Dom Casmurro

by Machado de Assis

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LXVIII - Let's Put Off Virtue

Few would have had the courage to confess that I thought of the street of Matacavallos. I will confess everything that matters to my story. Montaigne wrote of himself: ce ne sont pas mes gestes que j'ecris; c'est moi, c'est mon essence. Now, there is only one way of writing one's own essence, it is contal-all, good and evil. I do so, as I remember it, by commending myself to the construction or reconstruction of myself. For example, now that I have counted a peccadillo, I would say with great pleasure some beautiful contemporary action, if I remembered it, but it does not remind me; the best opportunity is transferred.

You will not lose hope, my friend; On the contrary, I now recall that ... Not only are beautiful actions beautiful at any time, but they are also possible and probable, because of the theory I have of sin and virtue, no less simple than clear. It is reduced to this that each person is born with a certain number of them, allied by marriage to compensate in life. When one of these marriages is stronger than the other, he alone guides the individual, without this, because he has not practiced such virtue or commited such peccadillo, can be said exempt of one or the other; but the rule is to give themselves the simultaneous practice of the two, to the advantage of the bearer of both, and sometimes with greater brilliance of the earth and the sky. It is unfortunate that I can not substantiate this with one or more strange cases; I lack time.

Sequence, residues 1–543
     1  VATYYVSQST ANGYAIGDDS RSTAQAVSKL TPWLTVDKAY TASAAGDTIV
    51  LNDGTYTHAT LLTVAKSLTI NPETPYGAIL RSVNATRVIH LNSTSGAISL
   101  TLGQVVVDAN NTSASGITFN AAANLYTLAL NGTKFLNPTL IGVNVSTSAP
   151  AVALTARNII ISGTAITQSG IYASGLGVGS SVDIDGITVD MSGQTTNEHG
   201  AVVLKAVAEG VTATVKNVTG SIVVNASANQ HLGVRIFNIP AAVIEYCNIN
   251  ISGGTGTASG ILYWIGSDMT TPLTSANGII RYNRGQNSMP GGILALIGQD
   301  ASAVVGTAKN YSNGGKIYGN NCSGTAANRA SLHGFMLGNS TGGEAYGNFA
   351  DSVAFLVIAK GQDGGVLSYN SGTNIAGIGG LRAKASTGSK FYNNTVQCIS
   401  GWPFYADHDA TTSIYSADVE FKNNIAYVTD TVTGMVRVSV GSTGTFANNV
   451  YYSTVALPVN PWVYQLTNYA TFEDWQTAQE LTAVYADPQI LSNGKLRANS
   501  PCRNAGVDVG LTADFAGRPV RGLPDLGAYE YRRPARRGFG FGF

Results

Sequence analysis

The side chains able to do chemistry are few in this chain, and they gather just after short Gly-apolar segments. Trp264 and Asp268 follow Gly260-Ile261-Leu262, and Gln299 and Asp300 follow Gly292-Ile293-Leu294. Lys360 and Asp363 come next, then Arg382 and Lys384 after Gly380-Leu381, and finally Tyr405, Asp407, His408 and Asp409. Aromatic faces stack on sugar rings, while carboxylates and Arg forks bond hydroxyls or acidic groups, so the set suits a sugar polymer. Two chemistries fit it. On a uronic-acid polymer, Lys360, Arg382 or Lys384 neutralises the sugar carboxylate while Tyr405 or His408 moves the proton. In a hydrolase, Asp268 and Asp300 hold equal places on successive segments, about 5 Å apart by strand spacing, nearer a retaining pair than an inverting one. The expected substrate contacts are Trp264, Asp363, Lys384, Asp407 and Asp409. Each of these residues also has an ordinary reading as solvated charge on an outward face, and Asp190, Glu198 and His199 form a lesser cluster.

As far as I'm concerned, it's true that I was born with some of those houses, and of course I still have them. It has already happened to me, here in Engenho Novo, to be a night with a lot of headache, to wish that the Central train burst out of my ears and interrupt the line for many hours, even if someone died; and the next day I missed the train on the same road, because I went to give my cane to a blind man who did not carry a staff. Voilà mes gestes, voilà mon essence.


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